The commercial musicals that Kurt Weill composed in New York – from the Broadway hits of Knickerbocker Holiday and Lady in the Dark to Street Scene – were a direct consequence of the failure of state-mandated operatic reform in Berlin and in particular the failure of a planned Berlin premiere in 1930 of Der Aufstieg und der Fall der Stadt Mahagonny at the state supported Kroll Opera. What happened to opera in the wake of the 1918 revolution was a transferal of the former royal operas to the new democratic states.
The shift in funding did not in itself invariably affect the policies of these companies, which, especially in the large cities, remained museums of the operatic past. In Berlin, the peak of experimentation came only in the late 1920s. Still, Berlin is important not only because Weill and Brecht were living there: Prussia dominated Germany numerically, geographically, and economically, and Berlin dominated Prussia. Thus, reform efforts in Berlin had a national resonance that no other city could match.
In Prussia prior to the revolution, the ministry of culture had had nothing to do with opera and theater; rather, its domain had been education and religion, and the royal theaters had been funded and administered directly by the Hohenzollerns. But with the collapse of the monarchy, the ministry of culture ended, almost by default, with the Prussian theaters. The independent Socialist co-minister at the outset of the Republic was Adolf Hoffmann, portrayed by his detractors as a buffoon but by his champions as a populist hero. Hoffmann took personal responsibility for the theaters and brought in Leo Kestenberg for music and Ludwig Seelig for theater. They shared opera, but it was Kestenberg who was the more directly involved. He became the dominant figure in Berlin's operatic reform – and the prime villain, the chief Jewish musical Bolshevist of Weimar, in the eyes of the increasingly vocal right wing in the Prussian Landtag – until nearly the end of the Weimar Republic. Despite all the shifts of power within the Prussian cabinet and the various Ministers for Culture, Kestenberg and Seelig remained in their posts from 1919 to 1932.
Like Kaiser Wilhelm before them, both Kestenberg and Seelig were unquestioning believers in the government's role in dispensing culture to the masses. Yet the two bureaucrats disagreed with the emperor as to what that culture should be. Seelig was a violent opponent of commercial theater, which he considered to be an insidious corruption of German idealism and the inherent good taste of the working classes. In the heady, optimistic early days of the Weimar Republic, Kestenberg and Seelig dreamed that they could not only reform opera from above, but that they could also thereby elevate popular taste and play a role in the creation of an earthly socialist paradise.
The ministry found itself in possession of a large opera house called the Kroll, which eventually became the highpoint of Weimar operatic progressivism – the darling of the left-wing intelligentsia, the principal forum in the capital for the earlier provincial operatic experimentation and, not least, the springboard for Otto Klemperer's erratic but important international career as a conductor. But the Kroll ceased to exist in 1931 because the Prussian Landtag decided that in a time of depression there was not enough money to support three public opera companies in Berlin, and that the Kroll had less justification for survival than either the Staatsoper Unter den Linden or Bruno Walter's Städtische Oper.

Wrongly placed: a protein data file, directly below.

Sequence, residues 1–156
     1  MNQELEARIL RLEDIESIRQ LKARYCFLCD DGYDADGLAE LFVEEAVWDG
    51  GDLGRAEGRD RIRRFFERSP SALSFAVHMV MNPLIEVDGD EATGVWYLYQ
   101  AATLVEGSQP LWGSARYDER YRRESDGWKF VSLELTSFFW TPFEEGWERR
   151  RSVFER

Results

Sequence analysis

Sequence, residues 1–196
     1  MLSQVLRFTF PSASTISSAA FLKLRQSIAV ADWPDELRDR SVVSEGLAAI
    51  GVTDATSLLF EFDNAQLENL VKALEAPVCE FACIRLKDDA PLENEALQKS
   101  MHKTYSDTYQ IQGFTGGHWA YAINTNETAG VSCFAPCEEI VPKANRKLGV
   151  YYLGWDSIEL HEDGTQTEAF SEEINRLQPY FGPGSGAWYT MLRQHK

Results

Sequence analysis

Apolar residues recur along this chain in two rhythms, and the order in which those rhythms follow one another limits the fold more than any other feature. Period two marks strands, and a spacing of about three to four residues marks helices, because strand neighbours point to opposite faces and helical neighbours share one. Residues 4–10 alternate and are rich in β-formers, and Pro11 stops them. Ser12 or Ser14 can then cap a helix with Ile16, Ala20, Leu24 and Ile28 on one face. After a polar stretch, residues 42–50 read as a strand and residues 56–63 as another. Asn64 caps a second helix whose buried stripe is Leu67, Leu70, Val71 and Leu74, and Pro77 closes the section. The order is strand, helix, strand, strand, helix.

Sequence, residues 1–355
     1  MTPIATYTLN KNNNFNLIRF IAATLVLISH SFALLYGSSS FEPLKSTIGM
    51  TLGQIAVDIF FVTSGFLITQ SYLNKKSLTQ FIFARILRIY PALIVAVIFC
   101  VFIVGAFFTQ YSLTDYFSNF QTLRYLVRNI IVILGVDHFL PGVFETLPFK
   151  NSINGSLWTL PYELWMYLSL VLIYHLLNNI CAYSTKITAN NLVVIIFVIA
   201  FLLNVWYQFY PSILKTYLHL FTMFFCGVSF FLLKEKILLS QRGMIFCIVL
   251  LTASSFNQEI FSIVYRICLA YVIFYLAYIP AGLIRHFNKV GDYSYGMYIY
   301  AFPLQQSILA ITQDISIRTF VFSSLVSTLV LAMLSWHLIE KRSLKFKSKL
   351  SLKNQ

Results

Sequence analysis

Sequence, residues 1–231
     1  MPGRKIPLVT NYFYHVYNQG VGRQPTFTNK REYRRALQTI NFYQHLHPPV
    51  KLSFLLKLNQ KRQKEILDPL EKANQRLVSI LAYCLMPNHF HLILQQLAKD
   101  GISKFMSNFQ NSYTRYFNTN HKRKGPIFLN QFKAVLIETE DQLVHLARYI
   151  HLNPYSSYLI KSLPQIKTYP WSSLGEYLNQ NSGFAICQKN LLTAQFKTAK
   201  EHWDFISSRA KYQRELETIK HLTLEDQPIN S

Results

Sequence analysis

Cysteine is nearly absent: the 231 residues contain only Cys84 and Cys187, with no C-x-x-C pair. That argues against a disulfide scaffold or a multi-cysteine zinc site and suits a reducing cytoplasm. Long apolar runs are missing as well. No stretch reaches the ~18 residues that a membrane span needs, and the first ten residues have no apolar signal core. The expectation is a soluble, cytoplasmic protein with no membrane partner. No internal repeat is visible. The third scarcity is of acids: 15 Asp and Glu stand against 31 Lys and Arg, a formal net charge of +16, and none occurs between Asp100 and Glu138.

Many within the Kroll regarded the controversy between Kurt Weill and the opera's conductor over whether Aufstieg und Fall der Stadt Mahagonny was to be performed at the Kroll as a turning point in the history of the company. Brecht and Weill had assumed during the composition of this full-scale opera that it would be performed there. But after indecisive agony, Klemperer rejected the score in 1929 – despite fervent enthusiasm for it by his chief administrators at the Kroll. Although this seems to have been exclusively the conductor's aesthetic and moral decision, the rejection was interpreted by Weill as sad timidity on the part of both Klemperer and Kestenberg in the face of growing right-wing opposition to the ministry's reform policies and to the theater's artistic and social mandate.
Socialist operatic reformism had come full circle - and this when the Weimar Republic was still ostensibly at its peak. What had begun as an idealistic hope that the state could reform the depravities of royal and private opera had turned into a bitter despair that nothing could be expected from the ministry, and that composers like Weill had to enter the capitalist arena to reach the people and reform a dangerously moribund art form.
Despite his disappointment about the failure of a Kroll production of Mahagonny, Weill shared with other republican intellectuals a bitter sense of defeat when the Kroll collapsed in 1931. His newspaper articles of 1931-32 returned time and again to the need for a broadly accessible opera that would reach out and solve not just the crisis of opera, but that of operatic subsidy, about which he had grown disillusioned after the Kroll's demise. Weill now felt that composers must strive to write operas that did not descend to the level of the cheap popular operetta or revue but that would continue to command a broader audience. His commercial musicals, both in Europe and in the United States, were a logical response to his experiences in Berlin. They were also the appropriate avenue for his efforts to reach a broader public and to make an economically viable, self-sufficient form of musical theater. John Rockwell
From The New Orpheus, © Yale University Press. The author is a Culture Critic for the New York Times.